Editor says Jonathan Moyo acting on Mugabe’s instructions


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The former editor of the Daily News Francis Mdlongwa said the closure of the paper was the result of orders coming straight from Information Minister Jonathan Moyo but Moyo could not act without consulting President Robert Mugabe.

Mdlongwa who had just resigned from the paper because of differences with chief executive officer Sam Sipepa Nkomo said the government was going to get more repressive every day and every hour.

 

Full cable:

 

Viewing cable 03HARARE1887, GOZ UPS THE ANTE ON CLOSURE OF ONLY INDEPENDENT

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Reference ID

Created

Released

Classification

Origin

03HARARE1887

2003-09-17 12:33

2011-08-30 01:44

CONFIDENTIAL

Embassy Harare

This record is a partial extract of the original cable. The full text of the original cable is not available.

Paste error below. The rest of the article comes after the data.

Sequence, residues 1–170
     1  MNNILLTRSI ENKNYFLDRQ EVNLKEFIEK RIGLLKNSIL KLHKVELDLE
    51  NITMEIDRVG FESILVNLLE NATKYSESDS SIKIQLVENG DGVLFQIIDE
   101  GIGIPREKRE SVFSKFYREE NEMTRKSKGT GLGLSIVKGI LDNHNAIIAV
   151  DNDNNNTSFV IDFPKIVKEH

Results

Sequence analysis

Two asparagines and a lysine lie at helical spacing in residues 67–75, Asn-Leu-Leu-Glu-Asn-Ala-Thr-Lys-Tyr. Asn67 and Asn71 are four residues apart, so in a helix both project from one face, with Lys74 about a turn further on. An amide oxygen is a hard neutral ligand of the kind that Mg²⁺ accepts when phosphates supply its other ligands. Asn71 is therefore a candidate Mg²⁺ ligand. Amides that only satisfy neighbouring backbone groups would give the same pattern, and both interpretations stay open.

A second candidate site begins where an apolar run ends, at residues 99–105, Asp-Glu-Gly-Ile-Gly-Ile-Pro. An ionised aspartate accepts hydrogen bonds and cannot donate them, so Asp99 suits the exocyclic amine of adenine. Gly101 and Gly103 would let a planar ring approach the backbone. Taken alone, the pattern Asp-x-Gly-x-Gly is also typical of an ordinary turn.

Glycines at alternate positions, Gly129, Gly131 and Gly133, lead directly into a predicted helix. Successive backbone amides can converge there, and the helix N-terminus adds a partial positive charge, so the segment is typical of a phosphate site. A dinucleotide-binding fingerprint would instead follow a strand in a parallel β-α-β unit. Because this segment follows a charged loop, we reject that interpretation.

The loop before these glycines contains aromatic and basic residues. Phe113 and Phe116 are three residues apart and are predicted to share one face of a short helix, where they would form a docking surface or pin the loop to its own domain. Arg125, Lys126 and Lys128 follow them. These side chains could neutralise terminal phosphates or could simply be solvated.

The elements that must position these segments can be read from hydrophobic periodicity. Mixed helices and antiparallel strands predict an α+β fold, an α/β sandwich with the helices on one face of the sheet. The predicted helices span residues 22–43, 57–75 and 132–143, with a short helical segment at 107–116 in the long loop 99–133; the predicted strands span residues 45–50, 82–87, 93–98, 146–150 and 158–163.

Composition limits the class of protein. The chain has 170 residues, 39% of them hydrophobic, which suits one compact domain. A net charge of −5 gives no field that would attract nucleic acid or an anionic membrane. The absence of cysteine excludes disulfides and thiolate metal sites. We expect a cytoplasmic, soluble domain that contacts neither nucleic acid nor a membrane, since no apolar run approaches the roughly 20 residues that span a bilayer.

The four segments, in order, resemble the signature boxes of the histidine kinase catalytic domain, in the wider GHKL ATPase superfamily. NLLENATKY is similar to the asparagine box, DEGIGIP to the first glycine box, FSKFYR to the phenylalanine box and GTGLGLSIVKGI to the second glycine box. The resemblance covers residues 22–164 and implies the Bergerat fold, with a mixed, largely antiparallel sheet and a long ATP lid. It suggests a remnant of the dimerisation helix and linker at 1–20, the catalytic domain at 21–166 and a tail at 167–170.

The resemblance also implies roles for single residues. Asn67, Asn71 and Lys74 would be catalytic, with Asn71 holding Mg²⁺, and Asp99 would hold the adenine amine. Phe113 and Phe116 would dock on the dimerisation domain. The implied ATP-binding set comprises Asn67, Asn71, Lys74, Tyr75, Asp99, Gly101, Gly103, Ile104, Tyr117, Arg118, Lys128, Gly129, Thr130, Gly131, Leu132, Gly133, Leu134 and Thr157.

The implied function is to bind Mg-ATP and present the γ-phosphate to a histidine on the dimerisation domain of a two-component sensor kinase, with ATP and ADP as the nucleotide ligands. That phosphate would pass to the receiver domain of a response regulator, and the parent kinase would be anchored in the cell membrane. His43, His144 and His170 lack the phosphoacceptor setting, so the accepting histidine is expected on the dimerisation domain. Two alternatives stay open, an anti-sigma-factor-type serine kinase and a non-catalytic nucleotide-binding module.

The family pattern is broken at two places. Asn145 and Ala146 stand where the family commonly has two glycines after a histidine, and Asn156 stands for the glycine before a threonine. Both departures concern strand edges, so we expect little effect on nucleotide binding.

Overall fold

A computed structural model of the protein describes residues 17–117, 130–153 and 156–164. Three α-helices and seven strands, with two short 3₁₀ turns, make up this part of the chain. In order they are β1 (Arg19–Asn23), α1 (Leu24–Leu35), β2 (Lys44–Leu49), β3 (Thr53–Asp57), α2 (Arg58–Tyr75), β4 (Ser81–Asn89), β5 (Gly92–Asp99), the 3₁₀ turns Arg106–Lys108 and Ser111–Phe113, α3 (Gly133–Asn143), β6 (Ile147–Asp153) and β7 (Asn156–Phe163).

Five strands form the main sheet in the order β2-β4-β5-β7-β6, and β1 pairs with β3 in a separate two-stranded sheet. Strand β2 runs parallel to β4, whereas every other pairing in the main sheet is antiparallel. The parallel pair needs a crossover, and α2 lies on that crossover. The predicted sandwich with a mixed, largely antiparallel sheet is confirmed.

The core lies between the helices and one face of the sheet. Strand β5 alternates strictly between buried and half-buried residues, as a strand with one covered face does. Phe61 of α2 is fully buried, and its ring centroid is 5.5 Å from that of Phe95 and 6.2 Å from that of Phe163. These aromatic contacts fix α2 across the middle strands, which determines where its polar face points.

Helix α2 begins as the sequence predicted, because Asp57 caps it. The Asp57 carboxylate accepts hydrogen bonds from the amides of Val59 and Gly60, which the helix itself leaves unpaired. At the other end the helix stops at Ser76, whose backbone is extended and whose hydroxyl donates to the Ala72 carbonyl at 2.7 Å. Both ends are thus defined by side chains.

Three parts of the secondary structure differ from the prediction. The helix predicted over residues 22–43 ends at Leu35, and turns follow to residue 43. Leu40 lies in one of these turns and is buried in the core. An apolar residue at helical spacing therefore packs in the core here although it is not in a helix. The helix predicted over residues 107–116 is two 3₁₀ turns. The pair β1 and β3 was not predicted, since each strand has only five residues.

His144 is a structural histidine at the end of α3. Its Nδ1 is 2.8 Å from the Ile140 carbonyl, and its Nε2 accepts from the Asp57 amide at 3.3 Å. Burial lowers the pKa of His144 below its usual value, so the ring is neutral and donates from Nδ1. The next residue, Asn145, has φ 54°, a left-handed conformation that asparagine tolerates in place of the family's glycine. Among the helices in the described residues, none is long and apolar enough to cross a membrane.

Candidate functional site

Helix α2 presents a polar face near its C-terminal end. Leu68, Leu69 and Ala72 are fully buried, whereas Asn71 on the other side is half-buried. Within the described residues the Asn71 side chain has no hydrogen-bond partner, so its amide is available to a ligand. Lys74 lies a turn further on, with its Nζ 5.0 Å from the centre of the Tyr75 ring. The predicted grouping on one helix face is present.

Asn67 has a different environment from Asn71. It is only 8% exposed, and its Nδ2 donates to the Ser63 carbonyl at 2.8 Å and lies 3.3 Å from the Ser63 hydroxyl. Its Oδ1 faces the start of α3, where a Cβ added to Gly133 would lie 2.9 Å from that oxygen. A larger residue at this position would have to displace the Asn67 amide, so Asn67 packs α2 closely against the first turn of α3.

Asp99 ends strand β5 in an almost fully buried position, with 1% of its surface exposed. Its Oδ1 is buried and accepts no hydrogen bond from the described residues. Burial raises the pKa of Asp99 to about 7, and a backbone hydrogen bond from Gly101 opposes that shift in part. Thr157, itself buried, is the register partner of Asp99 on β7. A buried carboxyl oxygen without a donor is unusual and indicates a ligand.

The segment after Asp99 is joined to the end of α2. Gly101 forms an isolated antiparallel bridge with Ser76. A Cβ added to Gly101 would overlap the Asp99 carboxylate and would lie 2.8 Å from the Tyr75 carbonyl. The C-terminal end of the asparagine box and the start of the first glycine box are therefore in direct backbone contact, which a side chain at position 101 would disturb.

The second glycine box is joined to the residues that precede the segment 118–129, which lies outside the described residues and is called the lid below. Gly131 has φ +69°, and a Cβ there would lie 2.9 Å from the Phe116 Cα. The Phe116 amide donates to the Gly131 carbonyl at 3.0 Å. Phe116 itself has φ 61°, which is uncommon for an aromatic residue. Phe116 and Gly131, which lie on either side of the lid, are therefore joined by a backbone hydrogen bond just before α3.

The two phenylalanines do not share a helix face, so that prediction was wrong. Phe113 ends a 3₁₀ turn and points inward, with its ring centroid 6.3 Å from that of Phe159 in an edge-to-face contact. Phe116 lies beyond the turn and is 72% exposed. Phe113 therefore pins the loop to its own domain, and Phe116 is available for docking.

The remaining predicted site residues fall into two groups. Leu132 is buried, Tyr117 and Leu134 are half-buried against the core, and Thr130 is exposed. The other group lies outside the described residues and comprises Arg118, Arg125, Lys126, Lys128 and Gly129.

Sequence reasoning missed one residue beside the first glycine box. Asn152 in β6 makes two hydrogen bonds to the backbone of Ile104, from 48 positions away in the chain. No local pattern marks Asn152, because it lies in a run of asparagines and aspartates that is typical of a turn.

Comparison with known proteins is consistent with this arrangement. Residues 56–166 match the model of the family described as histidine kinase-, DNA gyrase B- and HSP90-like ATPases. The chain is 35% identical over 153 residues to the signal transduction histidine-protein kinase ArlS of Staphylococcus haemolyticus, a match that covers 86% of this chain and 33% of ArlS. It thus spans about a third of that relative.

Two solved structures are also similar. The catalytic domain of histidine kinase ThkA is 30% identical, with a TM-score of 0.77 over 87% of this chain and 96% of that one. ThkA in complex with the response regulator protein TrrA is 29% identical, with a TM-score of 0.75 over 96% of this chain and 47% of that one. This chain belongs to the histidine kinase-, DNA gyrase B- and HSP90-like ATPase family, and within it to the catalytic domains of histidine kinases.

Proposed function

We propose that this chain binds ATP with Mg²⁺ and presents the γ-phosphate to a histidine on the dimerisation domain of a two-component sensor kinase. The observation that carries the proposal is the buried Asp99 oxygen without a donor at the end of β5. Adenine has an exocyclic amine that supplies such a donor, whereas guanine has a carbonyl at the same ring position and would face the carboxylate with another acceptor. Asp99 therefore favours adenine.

C O N F I D E N T I A L SECTION 01 OF 02 HARARE 001887

 

SIPDIS

 

STATE FOR AF FOR A/S KANSTEINER AND PDAS SNYDER; AF/S FOR

DELISI AND RAYNOR; AF/PDPA FOR DALTON, MITCHELL AND SIMS

NSC FOR JENDAYI FRAZER

LONDON FOR GURNEY

PARIS FOR NEARY

NAIROBI FOR PFLAUMER

GUATEMALA CITY FOR DCM WHARTON

 

E.O. 12958: DECL: 09/16/2013

TAGS: PREL PHUM KPAO KMDR ZI

SUBJECT: GOZ UPS THE ANTE ON CLOSURE OF ONLY INDEPENDENT

DAILY NEWSPAPER

 

Classified By: JPolacheck for reasons 1.5 b/d

 

1. (C) SUMMARY In the span of six days, from September 11 to

16, the GOZ has gone from declaring The Daily News (TDN)

illegal (9/11; ref a), to occupying and shutting down TDN

operations (9/12; ref b), to accepting TDN registration under

the onerous Access to Information and Privacy Protection Act